April 10, 2021

Interdisciplinary Discourse

Forum for KU Academics

Perspectives on Mathematics

 – Kanhaiya Jha
Students often feel that what they are taught is useless in practical life. French Philosopher  and  mathematician Rene Discartes (1596 – 1650) once said, “People hate maths, so let’s turn it into picture to make it easier.” Often, the student does not easily understand what is being taught because he is unable to visualize what in fact is going on. But it is the only subject where one may get hundred out of hundred, yet people say it is difficult. It definitely requires more effort and time than other subjects. But due to its wide applications and importance, it has been made a compulsory subject worldwide for the students in the school level to university level curriculum and more weightage have been given to maths. As knowledge of English language helps people to communicate well with others, maths has been proved to have the same role as science and technology. Therefore, to understand the existing technological developments, maths has become a necessary tool. But one does not need to be a mathematician; one at least requires knowing about the widespread contribution of mathematics. 
Maths is the base for almost all scientific developments and modern technology.  Maths is also used as a powerful means of communication. An updated Standard syllabus and equivalent recognized text books of many universities help students to develop an understanding of theoretical concepts as well as problem solving skills in maths. Teachers can play a vital role for motivating students towards this  subject, giving more applications and connecting it to other fields. Knowledge is unlimited, so a healthy and regular interaction between teachers and students can produce beautiful results. Students can derive more benefit from studying maths only when they appreciate its beauty and operate it properly. Topics with elementary roots and strong interconnections should be taught with great care. Instead of making straight leap to the problems while at the classroom, some preliminary discussion on how, when and why particular concept developed helps to create a positive attitude.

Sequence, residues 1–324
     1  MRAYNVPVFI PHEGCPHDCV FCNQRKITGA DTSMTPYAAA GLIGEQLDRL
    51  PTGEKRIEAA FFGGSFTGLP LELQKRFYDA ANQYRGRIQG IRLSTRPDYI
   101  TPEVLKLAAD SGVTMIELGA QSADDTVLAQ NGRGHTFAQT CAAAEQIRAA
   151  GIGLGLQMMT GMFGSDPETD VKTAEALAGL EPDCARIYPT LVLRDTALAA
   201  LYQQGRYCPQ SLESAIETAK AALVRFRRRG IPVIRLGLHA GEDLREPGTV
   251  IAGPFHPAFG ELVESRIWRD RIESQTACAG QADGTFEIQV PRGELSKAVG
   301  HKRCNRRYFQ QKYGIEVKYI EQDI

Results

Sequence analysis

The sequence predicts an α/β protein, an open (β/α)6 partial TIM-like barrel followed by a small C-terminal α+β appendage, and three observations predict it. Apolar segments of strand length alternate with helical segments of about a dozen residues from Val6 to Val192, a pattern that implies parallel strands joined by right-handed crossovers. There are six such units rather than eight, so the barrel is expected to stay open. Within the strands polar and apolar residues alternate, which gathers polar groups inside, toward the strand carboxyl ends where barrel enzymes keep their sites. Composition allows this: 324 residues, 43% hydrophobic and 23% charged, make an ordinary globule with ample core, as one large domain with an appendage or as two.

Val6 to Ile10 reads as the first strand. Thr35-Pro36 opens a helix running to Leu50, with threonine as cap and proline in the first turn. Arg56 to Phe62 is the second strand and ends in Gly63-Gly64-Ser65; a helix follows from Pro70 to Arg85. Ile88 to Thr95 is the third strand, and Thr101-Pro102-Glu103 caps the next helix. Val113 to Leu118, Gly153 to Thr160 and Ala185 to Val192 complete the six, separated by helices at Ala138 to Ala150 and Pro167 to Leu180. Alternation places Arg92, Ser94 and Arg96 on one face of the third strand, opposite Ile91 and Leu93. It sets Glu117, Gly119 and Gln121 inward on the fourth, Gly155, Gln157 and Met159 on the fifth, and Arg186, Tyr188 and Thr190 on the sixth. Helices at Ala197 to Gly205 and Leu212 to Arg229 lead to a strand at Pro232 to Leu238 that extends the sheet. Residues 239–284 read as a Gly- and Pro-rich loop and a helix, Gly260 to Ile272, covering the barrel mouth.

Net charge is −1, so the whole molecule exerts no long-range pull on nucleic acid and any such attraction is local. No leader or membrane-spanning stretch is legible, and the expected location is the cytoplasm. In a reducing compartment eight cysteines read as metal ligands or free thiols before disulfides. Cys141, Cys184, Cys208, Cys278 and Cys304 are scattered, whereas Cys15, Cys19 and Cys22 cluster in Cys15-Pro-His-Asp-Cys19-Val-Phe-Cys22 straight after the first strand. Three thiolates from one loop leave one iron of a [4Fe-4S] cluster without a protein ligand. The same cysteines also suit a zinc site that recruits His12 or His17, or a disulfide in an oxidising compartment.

Definitions in maths ensure that everyone agrees on the meaning of the terminologies and concepts. Theorems in mathematics provide the user with the reassurance of validation and a model of logical argument. The use of theorems and logical arguments lead the mathematicians to only one correct (exact) solution. By doing maths, students develop skills in problem solving, reasoning, connections and communications. The skill developed by doing maths makes students efficient, accurate and confident decision makers. However, it is possible only when they appreciate its intensity and work hard. It requires regular practice and more concentration on the topic. Not only can this broaden our horizons, but also provide an opportunity to apply our knowledge and skills in the applications of mathematical sciences to other fields. Also, modern mathematics education emphasizes the development of understanding among students. Maths continues to flourish through the growing power of its applications and much of its utility is enhanced through the computer. Indian and Chinese mathematical systems have been highly appreciated by the world mathematicians and due to their remarkable achievements and significant contributions, they have been able to establish themselves as top in software technology. Today, the mathematician works in a world of intense scientific investigation aided by a revolution in methods of computation and means of communication. His thinking is a part of the whole climate of intellectual thought in which distinction between the pure and applied, abstract and practical is too subtle to be of much use.
Maths is a fascinating world – a world full of mysteries and wonders, a world full of joy and excitement, of divine beauty and grace. No other area of human activity is ever as glamorous as maths and yet is depressing. It should be kept in mind that the study of maths is never complete unless one can apply what one has learned in solving problems of real life and in intellectual gymnastics.
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